My buddy and I split a joint in the car,
driving around Albuquerque, a trip to memory lane
we think we’re ready to take,
past the Middle Eastern grocery store
where we’d get takeout, past the university
where we spent too much time, through the Northeast Heights,
and back along Central. We’re two friends commiserating
on how wrecked our lives are back
in our hometowns, unexpectedly crashed out
like shopping carts in a dry arroyo. I make him wander
the antique mall where I bought furniture with my ex,
and he drives past the house he shared with his.

We’re sad the city’s landscaping hasn’t changed in over ten years
and the drivers still don’t mind cutting us off.
The high doesn’t last long enough to say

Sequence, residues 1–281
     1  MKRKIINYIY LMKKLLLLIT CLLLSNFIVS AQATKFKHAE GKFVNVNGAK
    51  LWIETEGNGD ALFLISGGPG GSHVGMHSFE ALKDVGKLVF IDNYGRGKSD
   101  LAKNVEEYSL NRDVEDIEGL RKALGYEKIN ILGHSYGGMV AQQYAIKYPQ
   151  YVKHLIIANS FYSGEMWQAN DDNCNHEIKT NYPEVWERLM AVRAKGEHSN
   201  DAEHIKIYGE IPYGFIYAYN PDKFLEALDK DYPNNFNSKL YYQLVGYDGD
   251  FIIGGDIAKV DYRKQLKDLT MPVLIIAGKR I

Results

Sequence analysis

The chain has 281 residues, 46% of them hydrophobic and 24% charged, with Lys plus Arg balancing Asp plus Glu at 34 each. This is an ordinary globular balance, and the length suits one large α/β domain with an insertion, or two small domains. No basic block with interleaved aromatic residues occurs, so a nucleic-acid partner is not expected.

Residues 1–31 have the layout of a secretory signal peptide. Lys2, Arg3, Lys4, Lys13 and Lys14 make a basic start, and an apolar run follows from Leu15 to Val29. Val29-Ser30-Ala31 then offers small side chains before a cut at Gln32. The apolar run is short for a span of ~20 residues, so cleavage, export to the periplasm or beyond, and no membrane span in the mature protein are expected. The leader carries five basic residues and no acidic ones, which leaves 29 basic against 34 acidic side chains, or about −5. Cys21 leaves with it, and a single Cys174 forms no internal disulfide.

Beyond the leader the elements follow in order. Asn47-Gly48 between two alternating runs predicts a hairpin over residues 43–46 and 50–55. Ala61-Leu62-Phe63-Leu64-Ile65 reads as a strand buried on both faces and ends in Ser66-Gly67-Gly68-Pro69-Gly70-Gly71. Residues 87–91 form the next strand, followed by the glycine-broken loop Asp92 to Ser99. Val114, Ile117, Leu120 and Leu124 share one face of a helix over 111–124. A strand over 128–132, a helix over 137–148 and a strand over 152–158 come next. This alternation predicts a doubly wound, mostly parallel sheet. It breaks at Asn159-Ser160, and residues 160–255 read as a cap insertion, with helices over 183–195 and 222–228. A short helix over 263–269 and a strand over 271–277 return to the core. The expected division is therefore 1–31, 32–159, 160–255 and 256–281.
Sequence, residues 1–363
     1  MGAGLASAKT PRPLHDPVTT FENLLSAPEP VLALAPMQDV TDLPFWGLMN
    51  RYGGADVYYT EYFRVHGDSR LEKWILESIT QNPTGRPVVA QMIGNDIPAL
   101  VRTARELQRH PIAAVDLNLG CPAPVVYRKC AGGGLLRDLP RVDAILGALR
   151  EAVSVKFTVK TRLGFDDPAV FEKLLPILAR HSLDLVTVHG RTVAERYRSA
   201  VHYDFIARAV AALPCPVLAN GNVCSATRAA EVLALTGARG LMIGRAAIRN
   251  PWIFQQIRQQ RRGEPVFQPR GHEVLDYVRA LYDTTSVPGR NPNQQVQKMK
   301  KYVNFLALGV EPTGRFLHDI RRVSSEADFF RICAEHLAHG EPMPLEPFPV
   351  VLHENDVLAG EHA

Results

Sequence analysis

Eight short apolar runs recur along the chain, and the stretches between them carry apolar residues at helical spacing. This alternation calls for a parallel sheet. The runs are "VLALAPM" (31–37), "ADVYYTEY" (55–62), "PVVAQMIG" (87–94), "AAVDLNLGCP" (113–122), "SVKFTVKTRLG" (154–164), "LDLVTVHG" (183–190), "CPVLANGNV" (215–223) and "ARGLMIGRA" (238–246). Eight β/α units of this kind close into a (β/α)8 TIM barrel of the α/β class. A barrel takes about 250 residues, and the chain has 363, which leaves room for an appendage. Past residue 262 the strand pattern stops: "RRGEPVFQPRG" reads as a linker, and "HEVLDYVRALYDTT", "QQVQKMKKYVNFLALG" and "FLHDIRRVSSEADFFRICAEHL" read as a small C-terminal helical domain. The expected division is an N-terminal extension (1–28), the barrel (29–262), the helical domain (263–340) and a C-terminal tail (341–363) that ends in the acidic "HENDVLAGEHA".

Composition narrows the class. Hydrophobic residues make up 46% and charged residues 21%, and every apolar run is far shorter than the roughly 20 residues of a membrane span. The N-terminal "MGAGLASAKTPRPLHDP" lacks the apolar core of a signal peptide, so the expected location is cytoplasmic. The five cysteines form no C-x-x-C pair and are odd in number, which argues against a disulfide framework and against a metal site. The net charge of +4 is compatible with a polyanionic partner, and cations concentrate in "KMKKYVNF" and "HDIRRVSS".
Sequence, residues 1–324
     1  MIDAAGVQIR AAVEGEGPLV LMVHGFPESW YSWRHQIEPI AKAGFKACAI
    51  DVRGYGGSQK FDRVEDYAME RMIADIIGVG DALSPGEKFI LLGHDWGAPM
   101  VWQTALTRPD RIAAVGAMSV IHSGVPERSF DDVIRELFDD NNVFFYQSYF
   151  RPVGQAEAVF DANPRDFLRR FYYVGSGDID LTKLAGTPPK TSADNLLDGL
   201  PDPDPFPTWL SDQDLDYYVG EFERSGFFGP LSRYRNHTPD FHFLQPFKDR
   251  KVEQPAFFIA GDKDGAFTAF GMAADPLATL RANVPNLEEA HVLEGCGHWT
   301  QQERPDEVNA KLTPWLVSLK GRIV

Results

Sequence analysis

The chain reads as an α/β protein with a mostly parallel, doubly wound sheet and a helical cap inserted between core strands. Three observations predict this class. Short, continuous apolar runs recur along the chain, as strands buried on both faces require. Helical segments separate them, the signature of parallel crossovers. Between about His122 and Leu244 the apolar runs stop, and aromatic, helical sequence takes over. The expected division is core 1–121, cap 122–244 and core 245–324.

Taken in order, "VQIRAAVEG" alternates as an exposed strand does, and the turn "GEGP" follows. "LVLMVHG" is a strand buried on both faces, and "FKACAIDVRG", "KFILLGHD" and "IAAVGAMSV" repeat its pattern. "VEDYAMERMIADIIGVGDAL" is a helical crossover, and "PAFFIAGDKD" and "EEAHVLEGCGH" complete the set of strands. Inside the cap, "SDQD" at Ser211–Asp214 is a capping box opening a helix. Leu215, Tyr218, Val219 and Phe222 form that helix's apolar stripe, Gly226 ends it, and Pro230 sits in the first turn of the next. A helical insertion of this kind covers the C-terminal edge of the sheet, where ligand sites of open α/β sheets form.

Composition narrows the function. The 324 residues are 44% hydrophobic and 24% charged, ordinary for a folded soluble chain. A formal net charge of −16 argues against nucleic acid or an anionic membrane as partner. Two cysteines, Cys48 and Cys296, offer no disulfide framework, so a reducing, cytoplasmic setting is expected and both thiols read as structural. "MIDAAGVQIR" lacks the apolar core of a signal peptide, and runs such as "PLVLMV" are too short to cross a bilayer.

something hopeful or even strong enough to fool us
into believing this homecoming can give us
answers to questions we didn’t know how to ask.
I char my fingers and snuff out the joint.
Juan J. Morales is the son of an Ecuadorian mother and Puerto Rican father, which inspired much of the poems in his poetry collections, The Siren World and Friday and the Year That Followed. He is also the author of The Handyman's Guide to End Times (Forthcoming, University of New Press, 2018). His poems have also appeared in Copper Nickel, Poet Lore, Pank, Hayden's Ferry Review, Poetry Daily, Post Road, terrain.org, Green Mountains Review, and Pleaides. He is a CantoMundo Fellow, the Editor of Pilgrimage Magazine, and the Chair of English and World Languages at Colorado State University-Pueblo.
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